PayPal Could Take More Than a Penny for Your Thoughts
Analysis. What if a Silicon Valley giant could take money directly out of your pocket because its online enforcers didn’t like something you said? I don’t mean simply freezing your activities or booting you from a platform (as harsh and unjust as those penalties may be), but actually debiting your wallet?
That is a question many Americans are wrestling with after a recent blunder by PayPal — the popular peer-to-peer money transfer company with hundreds of millions of active users. Last weekend numerous media outlets reported that the company had tucked away new language in revisions to its Acceptable Use Policy (AUP) that would prohibit “the sending, posting, or publication of any messages, content, or materials that, in PayPal’s sole discretion … promote misinformation.”
And it gets worse. Whatever PayPal deems to be a violation could result in a hefty fine — $2,500 — directly debited from the account of the accused.
Brendan Carr, a GOP commissioner at the Federal Communications Commission, said PayPal’s move is “Orwellian.”
“This is why it is so vital that state and federal legislatures pass laws that prohibit discrimination by tech companies and protect free speech,” Carr tweeted.
The change also drew a rare rebuke from a past PayPal president — tech entrepreneur David Marcus.
“It’s hard for me to openly criticize a company I used to love and gave so much to,” he wrote. “But @PayPal’s new AUP goes against everything I believe in. A private company now gets to decide to take your money if you say something they disagree with. Insanity.”
After an ensuing firestorm, PayPal quickly reversed course. A spokesperson told reporters that the policy change notice had been publicized “in error” and that it contained “incorrect information.”
“PayPal is not fining people for misinformation and this language was never intended to be inserted in our policy. Our teams are working to correct our policy pages. We’re sorry for the confusion this has caused,” the company said.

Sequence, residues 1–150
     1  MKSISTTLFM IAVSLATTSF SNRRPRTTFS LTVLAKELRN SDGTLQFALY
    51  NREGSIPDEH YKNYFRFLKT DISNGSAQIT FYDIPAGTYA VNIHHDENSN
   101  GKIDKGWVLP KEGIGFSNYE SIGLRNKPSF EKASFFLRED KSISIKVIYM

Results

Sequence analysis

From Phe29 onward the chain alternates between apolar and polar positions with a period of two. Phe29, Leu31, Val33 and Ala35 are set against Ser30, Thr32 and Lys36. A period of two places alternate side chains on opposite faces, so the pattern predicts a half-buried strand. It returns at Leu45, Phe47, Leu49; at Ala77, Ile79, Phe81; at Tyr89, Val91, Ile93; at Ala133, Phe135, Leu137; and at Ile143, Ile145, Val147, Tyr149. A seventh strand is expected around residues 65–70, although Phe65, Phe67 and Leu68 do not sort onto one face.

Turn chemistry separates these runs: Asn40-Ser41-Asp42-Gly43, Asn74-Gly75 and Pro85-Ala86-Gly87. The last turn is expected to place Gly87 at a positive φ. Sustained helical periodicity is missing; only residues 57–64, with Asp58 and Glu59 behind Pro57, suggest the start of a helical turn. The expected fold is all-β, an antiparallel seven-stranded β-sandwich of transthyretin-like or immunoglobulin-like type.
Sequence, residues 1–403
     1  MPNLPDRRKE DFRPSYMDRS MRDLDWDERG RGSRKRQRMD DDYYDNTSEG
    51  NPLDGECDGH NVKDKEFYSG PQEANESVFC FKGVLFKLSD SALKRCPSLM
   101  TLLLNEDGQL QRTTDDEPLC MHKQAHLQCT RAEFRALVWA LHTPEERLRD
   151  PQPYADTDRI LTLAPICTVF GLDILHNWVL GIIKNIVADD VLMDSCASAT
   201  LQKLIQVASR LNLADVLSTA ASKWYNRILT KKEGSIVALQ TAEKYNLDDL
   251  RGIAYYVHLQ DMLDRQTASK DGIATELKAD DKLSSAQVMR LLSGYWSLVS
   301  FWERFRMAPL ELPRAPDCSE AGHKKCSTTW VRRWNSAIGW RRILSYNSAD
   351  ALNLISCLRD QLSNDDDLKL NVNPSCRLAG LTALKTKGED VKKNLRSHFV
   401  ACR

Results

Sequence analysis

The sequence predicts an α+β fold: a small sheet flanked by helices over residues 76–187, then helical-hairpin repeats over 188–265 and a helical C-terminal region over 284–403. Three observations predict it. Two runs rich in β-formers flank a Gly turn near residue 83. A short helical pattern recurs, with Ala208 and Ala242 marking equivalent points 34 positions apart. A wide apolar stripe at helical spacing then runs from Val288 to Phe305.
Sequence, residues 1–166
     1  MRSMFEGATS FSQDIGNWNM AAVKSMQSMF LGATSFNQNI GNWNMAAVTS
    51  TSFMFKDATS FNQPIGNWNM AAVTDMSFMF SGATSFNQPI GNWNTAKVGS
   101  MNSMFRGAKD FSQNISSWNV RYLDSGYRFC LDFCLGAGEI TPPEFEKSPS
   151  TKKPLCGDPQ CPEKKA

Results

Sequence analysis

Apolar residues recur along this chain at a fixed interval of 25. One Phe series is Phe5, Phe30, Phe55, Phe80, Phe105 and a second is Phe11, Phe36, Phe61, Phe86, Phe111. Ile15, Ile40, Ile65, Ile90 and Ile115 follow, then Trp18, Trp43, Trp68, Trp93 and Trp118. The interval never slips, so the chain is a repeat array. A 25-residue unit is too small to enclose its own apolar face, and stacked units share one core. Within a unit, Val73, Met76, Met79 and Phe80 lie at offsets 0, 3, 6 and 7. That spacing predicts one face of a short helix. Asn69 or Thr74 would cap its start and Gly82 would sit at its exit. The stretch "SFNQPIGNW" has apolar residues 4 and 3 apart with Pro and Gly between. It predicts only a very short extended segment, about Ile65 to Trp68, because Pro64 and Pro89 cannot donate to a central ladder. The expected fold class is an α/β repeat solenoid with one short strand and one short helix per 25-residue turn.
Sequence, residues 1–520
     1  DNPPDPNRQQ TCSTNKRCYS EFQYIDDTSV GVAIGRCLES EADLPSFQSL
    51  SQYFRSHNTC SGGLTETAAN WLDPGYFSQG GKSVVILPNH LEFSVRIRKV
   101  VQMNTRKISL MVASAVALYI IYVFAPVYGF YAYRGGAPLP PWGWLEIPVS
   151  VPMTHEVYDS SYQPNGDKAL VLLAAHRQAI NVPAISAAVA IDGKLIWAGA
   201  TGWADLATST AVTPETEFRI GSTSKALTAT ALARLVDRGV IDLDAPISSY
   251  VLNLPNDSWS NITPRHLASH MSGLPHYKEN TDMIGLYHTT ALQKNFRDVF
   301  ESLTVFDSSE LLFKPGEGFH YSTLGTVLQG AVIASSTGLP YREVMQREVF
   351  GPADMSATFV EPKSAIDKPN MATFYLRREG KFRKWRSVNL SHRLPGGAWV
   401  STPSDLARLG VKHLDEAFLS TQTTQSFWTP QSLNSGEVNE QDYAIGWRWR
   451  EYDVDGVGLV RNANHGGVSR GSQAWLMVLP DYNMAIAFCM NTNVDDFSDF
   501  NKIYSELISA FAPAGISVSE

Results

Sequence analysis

Of course, the admitted error here raises another question: How did that language get into the draft revision in the first place? And how had that version moved far enough along within the company to be accidentally posted? That seems like a big “oops.” Should we just give PayPal a mulligan here and move on?
Among those who are skeptical is Mike Masnick, editor of the popular technology blog Techdirt. In an article this week he quipped that a big organization like PayPal would have at least a few lawyers reviewing any rules change like this one. “It seems clear that somewhere along the line someone at PayPal did very much intend to have this kind of policy,” he wrote.
Masnick also made an important observation that many media outlets have failed to notice: The directly debited $2,500 fine policy already exists in PayPal’s terms. In fact, it has been in place since at least as far back as September 2021.
So while the “misinformation” prohibition and other new language has been pulled back, the fine threat remains. And I can’t help but notice that among the prohibited activities referenced in the current policy is “intolerance that is discriminatory” — a vague, catch-all category that seems in our current climate like it could be interpreted in a perilously subjective manner.
“The fact that the $2,500 damages clause is still in the PayPal policy today still seems like a pretty big deal,” Masnick added in his piece. “Hiding the fact that a company might take $2,500 from you by burying it in an acceptable use policy no one is going to read seems like not a great thing, whether or not the policy includes ‘misinformation’ as a triggering event.”
So despite PayPal’s apparent course reversal, perhaps the problem isn’t actually fixed yet. Would you pray that the Silicon Valley giant rights its own ship? And let’s be praying for government officials like Sen. Tim Scott, R-S.C. — officials who are now tuned in.
“Allowing private companies to become thought police would be egregious and illegal overreach,” Scott tweeted last weekend. “My office will be looking into the validity of PayPal’s new policy and taking any necessary action to stop this type of corporate activism.”
A good name is to be chosen rather than great riches, and favor is better than silver or gold (Proverbs 22:1).
Prayer point: Lord, please give our government and business leaders the wisdom to pursue policies that respect fundamental American liberties.
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